« PrécédentContinuer »
of the completeness of Christ, her calm confidence in the prospect of death, and her communion with the invisible world, were altogether wonderful in her tender age.
It was most delightful to know that this was not excitement, but that for several weeks there was the same evidence of the inner life, the same repose in Jesus' love, and entire freedom from the fear of death. For the last three weeks every day was entered upon as the last, and often did the weary young pilgrim hope that ere the day ended she might arrive at her Father's house, and her expected home. It was a real pleasure to hear her feeble voice give utterance from day to day of the confidence she enjoyed in the Gospel of Christ. About the commencement of this period she distributed her little treasures among her friends and only sister, when she specially requested to see her minister, whose visits were always welcome to her, and for whom she had made a reserve. On his arriving, she presented him with a very beautiful book-mark, the last which she had made while sitting in bed; and now the thin wasted fingers which wrought it held it out for the pastor's acceptance: and as one conscious of the nature of the work of the ministers of Christ, she had selected for the motto, "Crown Him Lord of all." The first word was represented by a crown, the remainder being in letters.
But this was not all she had intended to entrust to his care: having learnt to love the Lord, she had been considering what she could do in token of that love; and having suggested her thoughts to her mother, who was only too pleased to see her wishes carried out, she requested that the contents of her money-box, whatever that might be, should be given to the minister, to be disposed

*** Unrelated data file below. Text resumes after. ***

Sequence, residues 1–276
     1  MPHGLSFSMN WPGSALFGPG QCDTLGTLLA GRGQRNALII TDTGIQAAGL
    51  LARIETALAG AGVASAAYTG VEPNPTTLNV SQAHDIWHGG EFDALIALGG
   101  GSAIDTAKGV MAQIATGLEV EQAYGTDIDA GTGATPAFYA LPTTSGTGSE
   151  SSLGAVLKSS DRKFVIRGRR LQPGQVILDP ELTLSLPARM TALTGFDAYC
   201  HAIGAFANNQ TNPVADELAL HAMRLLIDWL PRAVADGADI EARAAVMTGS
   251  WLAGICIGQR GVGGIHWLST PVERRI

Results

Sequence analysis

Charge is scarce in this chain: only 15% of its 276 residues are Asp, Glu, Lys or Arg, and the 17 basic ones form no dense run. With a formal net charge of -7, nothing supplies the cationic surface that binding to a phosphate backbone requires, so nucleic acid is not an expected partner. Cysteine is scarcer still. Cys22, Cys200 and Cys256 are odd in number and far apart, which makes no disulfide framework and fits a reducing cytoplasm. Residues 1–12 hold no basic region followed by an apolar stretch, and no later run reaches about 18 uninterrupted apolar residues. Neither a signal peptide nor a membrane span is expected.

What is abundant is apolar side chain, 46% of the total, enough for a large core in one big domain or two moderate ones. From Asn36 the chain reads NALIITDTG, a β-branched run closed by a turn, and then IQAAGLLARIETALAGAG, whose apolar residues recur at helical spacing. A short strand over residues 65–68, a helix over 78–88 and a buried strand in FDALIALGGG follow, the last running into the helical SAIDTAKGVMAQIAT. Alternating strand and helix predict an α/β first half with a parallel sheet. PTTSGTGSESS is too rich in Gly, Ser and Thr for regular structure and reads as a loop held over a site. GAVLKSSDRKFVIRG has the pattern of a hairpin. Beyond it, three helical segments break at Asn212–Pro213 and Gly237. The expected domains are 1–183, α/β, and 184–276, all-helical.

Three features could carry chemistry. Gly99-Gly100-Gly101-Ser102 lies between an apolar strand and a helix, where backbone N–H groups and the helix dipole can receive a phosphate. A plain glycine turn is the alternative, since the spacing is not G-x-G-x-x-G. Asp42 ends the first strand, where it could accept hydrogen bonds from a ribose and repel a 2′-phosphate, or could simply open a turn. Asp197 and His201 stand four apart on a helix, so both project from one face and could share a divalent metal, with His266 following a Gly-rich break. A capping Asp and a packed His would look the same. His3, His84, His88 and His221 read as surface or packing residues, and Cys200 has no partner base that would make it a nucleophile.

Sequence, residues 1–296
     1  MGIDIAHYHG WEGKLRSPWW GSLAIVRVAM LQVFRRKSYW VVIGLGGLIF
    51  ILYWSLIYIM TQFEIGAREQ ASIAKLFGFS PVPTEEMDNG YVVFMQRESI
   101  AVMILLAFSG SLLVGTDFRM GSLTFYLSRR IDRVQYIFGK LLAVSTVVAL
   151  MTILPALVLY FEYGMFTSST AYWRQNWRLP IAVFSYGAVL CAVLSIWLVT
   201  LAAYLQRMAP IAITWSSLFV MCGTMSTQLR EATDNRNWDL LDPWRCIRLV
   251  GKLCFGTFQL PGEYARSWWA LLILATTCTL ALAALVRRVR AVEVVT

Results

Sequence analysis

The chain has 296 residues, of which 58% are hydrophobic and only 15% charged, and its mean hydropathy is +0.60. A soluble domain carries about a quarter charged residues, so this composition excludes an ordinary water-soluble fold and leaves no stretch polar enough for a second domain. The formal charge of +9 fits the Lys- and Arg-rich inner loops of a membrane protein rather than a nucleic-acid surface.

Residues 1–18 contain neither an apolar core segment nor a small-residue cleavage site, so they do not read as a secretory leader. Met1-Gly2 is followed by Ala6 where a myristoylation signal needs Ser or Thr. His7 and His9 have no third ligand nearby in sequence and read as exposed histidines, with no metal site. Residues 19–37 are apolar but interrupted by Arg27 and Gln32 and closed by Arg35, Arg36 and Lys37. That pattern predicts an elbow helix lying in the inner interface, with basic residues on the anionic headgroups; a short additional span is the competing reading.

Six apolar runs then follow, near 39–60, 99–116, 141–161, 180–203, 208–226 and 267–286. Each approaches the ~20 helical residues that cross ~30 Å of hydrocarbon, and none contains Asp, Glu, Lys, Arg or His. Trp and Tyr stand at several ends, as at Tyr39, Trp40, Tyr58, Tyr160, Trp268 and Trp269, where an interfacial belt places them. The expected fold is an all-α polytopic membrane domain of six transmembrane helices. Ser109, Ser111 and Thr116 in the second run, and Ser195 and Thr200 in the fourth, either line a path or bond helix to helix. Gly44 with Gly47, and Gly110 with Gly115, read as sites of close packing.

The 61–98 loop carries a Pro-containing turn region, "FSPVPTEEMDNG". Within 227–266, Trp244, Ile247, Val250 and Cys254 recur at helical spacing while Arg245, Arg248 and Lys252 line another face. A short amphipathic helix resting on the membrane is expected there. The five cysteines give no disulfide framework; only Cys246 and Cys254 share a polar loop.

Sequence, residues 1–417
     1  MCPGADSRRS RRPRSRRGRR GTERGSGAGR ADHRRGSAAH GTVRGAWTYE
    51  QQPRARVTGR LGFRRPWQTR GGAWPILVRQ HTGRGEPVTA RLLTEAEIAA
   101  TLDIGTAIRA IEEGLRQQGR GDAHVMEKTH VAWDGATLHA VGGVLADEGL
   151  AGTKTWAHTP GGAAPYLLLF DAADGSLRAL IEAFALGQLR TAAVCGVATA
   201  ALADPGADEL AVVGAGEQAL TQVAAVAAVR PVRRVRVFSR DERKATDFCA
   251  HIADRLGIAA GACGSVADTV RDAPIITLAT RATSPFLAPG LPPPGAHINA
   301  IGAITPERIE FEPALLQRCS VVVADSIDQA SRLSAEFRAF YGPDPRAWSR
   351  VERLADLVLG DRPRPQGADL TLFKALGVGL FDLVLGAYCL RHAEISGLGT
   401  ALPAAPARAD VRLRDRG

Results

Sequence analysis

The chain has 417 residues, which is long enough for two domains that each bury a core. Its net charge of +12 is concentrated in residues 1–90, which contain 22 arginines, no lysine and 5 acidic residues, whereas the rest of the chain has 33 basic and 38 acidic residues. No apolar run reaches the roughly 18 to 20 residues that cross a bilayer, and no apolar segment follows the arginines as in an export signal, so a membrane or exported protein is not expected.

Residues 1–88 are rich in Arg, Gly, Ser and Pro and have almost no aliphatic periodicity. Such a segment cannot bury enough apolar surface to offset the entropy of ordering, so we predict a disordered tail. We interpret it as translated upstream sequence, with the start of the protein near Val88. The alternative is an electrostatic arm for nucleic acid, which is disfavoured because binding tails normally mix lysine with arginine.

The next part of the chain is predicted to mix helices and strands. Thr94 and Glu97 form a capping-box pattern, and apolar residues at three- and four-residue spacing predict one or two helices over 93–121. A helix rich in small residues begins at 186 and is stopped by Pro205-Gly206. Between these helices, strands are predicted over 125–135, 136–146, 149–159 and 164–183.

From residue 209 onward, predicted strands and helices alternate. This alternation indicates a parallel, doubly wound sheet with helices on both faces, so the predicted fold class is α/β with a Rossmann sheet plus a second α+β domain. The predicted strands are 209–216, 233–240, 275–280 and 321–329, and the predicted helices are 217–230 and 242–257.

of in any way he might think proper, connected with the service of God.
The little treasure was therefore brought, and as she wished, for she was too weak to do it herself, it was committed to the hands for whom she had intended it; and never did he feel an earthly charge more sacred than the contents of that box! indeed, it seemed too sacred ever to be sunk, and therefore it was appropriated to the building fund, that, as long as that chapel stands, Jane Wymark's little treasure might be represented
This touching passage in the dying hours of that young child of God will long live in the memories of those who witnessed it. The scene was worthy of an artist's pencil, or a poet's pen. There sat the dear girl in an easy chair (for she was unable to lie down), with her face and hands almost as white as the night-dress she wore. There was the expressive book-mark which had just changed hands. And as a proof that she wished to give Jesus her choicest earthly possessions, the mother was emptying the silver and pence into the weeping pastor's lap, to be used for the Lord, whilst a Christian nurse looked with intense interest on what was passing before her. Oh, that the elder children of the saved family did but as freely give their substance to the Redeemer's cause, as did this babe in Christ!
Nearly the whole of the last twenty days the dear child sat as described above, her pain of heart not allowing her to lie; and often her sufferings were very great, but as often when asked concerning her pains, she would reply, They are nothing compared with what my Saviour suffered for me:" and though she wished to depart, it was not simply, as is too often the
case, a desire to get away from pain, but rather that she might enjoy the presence of her Lord.
In proof of this, on one occasion she said, "Oh, I do so wish that Jesus would take me home; I long to be gone, for I feel that HE LOVES ME." On being asked if she feared death, she calmly answered, "No; for though I walk through the valley of the shadow of death I will fear no evil : for THOU art with me; Thy rod and Thy staff they comfort me." On another occasion, when the minister asked her what she wished him to pray for, she meekly said, " Pray that Jesus will give me patience to the end."